This week, as reported by the Weekend Australian newspaper, Federal Arts Minister George Brandis said of his controversial restructuring of arts sector funding:
“The only people who have anything to fear from this program, frankly, are the mediocre, because they’re not going to be beneficiaries of it”
From a Words/Matter perspective, the problem with such a statement (and its attendant funding policy) clearly emanates from the word “mediocre“. Who, exactly, gets to define which arts are mediocre and which are not? Senator Brandis? The rest of his Liberal party? Or perhaps his friends at the “number of major performing arts companies” Senator Brandis claims have strongly endorsed his new funding program.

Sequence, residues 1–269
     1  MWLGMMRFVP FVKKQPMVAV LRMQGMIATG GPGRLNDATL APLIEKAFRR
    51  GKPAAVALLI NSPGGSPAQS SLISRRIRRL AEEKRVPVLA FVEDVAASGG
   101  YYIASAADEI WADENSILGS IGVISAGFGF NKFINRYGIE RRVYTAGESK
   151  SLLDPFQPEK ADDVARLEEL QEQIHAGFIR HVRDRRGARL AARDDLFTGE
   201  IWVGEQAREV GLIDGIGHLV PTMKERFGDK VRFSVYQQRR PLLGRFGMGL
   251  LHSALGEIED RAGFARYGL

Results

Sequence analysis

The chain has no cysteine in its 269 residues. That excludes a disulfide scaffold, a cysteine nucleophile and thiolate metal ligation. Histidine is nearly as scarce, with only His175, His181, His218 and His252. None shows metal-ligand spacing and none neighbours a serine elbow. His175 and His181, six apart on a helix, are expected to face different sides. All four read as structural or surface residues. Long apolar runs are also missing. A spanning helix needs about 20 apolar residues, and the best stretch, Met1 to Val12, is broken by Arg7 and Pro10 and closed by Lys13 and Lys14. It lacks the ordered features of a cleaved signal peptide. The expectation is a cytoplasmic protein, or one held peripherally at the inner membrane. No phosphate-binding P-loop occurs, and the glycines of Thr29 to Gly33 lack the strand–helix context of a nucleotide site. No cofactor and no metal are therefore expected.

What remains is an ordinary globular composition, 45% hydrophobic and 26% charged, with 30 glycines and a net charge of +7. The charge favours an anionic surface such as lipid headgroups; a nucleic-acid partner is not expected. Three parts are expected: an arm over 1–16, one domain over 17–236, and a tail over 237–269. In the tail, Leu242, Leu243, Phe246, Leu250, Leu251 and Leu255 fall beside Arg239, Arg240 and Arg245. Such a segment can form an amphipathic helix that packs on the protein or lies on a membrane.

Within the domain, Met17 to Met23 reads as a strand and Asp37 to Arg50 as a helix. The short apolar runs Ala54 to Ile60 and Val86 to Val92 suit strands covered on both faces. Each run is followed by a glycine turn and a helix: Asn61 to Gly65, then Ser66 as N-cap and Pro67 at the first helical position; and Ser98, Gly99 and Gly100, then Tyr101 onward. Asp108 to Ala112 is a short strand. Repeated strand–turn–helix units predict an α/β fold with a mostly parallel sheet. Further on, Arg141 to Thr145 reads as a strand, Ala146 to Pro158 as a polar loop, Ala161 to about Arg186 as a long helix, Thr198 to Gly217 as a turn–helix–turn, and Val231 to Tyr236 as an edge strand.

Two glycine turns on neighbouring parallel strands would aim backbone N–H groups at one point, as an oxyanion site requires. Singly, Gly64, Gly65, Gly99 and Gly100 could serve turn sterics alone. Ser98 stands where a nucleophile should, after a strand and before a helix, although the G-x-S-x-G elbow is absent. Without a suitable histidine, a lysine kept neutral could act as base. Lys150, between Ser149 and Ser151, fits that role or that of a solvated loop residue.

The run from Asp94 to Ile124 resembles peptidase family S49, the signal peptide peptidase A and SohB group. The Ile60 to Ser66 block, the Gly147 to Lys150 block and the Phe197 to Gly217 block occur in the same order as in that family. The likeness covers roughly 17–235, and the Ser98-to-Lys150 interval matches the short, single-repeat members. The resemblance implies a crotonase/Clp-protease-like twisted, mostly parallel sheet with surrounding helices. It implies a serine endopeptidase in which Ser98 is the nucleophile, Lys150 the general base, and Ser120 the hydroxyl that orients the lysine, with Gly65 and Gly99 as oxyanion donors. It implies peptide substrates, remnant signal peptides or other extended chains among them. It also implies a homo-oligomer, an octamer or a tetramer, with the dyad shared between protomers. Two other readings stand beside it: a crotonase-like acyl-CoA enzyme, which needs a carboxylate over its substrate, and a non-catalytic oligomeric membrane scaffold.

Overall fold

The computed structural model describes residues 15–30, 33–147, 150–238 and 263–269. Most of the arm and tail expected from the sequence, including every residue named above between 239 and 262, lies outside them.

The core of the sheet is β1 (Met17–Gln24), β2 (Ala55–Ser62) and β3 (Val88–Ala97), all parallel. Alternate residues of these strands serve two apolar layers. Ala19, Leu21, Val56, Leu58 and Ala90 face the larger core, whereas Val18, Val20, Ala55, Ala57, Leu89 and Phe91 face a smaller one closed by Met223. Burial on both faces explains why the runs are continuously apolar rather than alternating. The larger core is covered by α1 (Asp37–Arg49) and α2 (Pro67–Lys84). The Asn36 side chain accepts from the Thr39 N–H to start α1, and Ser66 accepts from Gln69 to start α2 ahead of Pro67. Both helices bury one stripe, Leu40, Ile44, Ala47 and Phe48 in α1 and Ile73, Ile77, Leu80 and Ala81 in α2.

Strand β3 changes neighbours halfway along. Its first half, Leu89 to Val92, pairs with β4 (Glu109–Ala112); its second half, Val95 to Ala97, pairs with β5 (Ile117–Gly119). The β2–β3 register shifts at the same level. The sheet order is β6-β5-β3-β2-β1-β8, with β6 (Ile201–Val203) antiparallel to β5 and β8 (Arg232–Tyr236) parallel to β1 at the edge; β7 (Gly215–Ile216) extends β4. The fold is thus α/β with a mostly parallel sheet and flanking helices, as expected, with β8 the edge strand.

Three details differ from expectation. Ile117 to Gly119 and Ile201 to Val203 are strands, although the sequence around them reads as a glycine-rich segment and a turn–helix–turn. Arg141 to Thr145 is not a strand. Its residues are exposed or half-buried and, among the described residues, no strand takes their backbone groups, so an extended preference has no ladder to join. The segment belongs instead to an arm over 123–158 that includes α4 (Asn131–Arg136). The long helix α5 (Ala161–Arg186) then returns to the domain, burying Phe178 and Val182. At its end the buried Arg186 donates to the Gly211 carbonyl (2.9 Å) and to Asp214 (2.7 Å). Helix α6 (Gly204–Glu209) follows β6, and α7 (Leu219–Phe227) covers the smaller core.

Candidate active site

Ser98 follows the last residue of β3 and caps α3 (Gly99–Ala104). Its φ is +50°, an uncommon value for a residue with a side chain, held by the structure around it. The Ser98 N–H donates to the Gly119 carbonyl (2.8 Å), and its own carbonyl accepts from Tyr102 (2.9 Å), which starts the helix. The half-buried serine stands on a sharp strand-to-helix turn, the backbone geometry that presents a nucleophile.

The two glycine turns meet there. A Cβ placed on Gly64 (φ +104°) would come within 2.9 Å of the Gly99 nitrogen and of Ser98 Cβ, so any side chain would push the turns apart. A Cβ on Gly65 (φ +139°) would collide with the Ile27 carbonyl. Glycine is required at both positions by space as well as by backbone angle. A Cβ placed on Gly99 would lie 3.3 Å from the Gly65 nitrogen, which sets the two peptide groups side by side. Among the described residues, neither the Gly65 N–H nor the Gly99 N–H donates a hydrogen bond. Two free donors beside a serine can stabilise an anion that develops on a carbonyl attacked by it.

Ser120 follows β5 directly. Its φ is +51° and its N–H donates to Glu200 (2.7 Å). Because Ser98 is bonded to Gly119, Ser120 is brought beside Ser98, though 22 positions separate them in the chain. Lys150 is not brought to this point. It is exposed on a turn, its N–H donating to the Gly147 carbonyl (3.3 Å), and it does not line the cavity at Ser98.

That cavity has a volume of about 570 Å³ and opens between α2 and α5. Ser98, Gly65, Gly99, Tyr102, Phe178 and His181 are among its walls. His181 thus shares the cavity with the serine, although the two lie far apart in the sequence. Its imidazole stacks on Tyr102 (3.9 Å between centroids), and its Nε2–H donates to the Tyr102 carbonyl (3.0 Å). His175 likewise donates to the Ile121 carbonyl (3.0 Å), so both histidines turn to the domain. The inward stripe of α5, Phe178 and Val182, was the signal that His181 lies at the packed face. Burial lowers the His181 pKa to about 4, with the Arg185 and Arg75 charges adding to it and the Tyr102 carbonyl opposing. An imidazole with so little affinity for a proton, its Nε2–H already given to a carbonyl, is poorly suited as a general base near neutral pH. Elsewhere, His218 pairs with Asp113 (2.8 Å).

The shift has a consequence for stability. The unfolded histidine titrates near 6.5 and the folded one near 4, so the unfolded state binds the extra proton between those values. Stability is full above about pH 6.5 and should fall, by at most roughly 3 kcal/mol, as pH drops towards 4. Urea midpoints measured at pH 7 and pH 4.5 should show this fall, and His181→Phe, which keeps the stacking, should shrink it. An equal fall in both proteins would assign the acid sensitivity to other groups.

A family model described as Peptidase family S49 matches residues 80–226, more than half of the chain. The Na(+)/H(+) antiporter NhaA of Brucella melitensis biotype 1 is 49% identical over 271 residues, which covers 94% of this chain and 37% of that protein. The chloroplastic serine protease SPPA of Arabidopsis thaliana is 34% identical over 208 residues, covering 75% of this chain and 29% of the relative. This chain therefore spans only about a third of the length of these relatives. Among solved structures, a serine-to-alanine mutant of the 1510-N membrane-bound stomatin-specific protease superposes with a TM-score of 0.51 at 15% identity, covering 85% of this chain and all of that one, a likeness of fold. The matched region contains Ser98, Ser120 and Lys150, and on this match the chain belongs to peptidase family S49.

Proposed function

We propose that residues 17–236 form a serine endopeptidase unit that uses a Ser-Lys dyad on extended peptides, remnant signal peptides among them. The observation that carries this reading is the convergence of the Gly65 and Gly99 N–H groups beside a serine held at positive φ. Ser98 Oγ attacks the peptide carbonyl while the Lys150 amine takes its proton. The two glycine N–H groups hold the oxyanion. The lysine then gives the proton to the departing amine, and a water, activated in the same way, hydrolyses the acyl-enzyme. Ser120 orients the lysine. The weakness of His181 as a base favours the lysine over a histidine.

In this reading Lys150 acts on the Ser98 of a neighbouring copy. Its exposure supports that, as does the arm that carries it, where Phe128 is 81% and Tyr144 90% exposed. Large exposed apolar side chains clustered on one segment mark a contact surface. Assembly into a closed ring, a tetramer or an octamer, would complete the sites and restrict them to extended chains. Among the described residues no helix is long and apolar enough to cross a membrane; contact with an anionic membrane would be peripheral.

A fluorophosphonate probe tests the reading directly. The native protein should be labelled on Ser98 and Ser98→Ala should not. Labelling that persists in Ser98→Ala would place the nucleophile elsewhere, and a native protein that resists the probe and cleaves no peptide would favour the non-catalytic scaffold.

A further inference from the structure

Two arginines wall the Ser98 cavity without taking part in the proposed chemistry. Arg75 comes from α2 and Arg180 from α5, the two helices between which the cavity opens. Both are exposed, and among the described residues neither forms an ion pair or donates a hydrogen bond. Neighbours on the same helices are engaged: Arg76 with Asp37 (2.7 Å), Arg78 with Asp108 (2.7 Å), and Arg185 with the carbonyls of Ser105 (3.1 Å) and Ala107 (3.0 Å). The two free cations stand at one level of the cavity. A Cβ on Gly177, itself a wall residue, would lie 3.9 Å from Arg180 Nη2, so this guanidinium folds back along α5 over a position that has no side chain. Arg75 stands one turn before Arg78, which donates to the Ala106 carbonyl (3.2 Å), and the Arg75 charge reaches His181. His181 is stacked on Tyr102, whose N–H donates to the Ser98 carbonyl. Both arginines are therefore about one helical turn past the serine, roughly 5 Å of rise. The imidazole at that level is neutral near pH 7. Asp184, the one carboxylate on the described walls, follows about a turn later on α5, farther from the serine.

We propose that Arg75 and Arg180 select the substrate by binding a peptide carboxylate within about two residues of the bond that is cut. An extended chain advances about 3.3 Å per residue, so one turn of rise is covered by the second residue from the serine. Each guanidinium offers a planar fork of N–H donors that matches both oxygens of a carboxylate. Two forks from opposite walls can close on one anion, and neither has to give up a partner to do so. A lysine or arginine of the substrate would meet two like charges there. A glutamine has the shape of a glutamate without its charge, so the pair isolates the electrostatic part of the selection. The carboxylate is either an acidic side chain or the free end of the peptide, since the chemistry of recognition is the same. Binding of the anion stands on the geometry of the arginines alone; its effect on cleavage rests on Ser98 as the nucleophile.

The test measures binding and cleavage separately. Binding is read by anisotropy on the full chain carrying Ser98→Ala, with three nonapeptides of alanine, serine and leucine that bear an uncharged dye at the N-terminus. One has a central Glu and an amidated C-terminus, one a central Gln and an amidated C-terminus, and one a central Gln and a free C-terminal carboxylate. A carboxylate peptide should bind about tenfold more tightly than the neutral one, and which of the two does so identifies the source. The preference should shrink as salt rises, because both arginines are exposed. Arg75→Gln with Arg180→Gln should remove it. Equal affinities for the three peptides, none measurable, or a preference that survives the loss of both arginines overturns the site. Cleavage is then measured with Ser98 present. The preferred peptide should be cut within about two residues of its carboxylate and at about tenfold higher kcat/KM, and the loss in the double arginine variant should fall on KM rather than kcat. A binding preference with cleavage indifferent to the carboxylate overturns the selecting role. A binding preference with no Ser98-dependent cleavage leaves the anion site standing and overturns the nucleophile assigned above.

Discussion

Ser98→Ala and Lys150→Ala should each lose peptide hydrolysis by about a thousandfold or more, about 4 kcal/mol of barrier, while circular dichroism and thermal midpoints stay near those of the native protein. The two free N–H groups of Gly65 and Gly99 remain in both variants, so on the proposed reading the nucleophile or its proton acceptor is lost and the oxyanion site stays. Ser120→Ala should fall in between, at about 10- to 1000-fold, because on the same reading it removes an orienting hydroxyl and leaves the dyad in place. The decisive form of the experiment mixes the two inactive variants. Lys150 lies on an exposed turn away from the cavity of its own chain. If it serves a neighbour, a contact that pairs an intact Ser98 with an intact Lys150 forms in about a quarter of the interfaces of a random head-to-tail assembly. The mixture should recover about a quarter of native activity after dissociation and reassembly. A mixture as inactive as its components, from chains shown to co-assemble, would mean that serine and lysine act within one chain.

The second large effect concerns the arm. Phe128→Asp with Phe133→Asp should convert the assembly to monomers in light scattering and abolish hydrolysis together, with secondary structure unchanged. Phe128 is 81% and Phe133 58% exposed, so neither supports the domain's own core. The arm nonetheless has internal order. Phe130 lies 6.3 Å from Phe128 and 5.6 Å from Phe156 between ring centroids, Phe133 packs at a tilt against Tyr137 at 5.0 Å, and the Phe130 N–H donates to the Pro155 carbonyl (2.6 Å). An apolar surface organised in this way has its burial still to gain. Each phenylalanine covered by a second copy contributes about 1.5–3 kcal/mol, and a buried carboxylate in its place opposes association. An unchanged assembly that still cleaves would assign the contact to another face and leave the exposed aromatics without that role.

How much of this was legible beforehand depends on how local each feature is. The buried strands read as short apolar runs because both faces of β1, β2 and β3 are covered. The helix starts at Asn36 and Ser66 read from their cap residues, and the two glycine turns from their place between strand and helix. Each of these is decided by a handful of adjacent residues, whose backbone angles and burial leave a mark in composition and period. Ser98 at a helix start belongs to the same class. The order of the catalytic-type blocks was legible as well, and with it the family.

It is exactly this power to define our world that we need to be circumspect about and vigilant against. All too often, those in such positions are seemingly quite at ease to express their own views as somehow ‘obvious’ and ‘universal’.
However, I for one am quite certain that when it comes to categorising mediocrity in the arts, George Brandis in no way speaks for my own views. For, as Andrew Kay, the president of Live Performance Australia, said in defence of the ‘mediocre’ small-medium arts sector:
“Our success is just as dependent on small companies as on our larger, more established organisations. We need vibrant small to medium companies … those companies are the incubators of innovation.”